General James Abercromby
Unsuccessful British commander in chief during French and Indian War. He replaced Lord Loudon in 1757, after Loudon was removed for timidity, but was himself known to be a timid commander. He had served in the War of the Austrian Succession, but had never held in independent command, although he was 52 in 1757, and his appointment was in part due to the insistance of George II and in part because he was present in North America, where few officers wished to serve, prefering to fight on the continent. The campaign planned by Pitt the elder for 1758 was ambitious, aimed at defeating the French in Canada in one year. Abercromby was to take direct command of a force that was to ascend the Hudson river, reach Lake George by portage, cross the lake and capture Fort Ticonderoga from the French and them march on to Montreal. Pitt attempted to compensate for Abercromby's timidity by appointing George Augustus Howe as his bridagier, described by James Wolfe as 'the best officer in the British Army', but then delayed the campaign by insisting that the colonies provide some troops, in whom Abercromby had little faith. The first part of the campaign went well, and the British reached Ticonderoga on 6 July, defended by the French commander in chief, Louis de Montcalm, after which everything went wrong. Howe was killed in the first skirmish of the day, a serious blow to the army. Two days later, Abercromby launched an unneccessary frontal assault on the French defences, which was beaten off after a day of fighting, after which Abercromby retreated to the other side of Lake George, and abandoned the entire campaign, despite still outnumbering the French. The only redeeming feature of the campaign was the capture of Fort Frontenac by Lieutenant Colonel Bradstreet on 26 August, despatched at his own insistance after the failure of the attack on Ticonderoga. When campaigning began again in 1759, the command had passed to General Amherst.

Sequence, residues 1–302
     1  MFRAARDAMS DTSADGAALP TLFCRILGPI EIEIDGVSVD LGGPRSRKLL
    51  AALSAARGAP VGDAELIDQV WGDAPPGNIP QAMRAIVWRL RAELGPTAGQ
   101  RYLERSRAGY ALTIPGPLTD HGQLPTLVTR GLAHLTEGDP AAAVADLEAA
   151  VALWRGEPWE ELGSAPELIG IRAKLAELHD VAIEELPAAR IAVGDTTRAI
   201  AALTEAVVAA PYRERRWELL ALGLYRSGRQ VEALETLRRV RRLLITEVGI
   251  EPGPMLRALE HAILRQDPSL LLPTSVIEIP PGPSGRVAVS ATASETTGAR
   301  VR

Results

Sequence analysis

How to cite this article: Rickard, J. (12 November 2000), General James Abercromby, http://www.historyofwar.org/articles/people_abercromby.html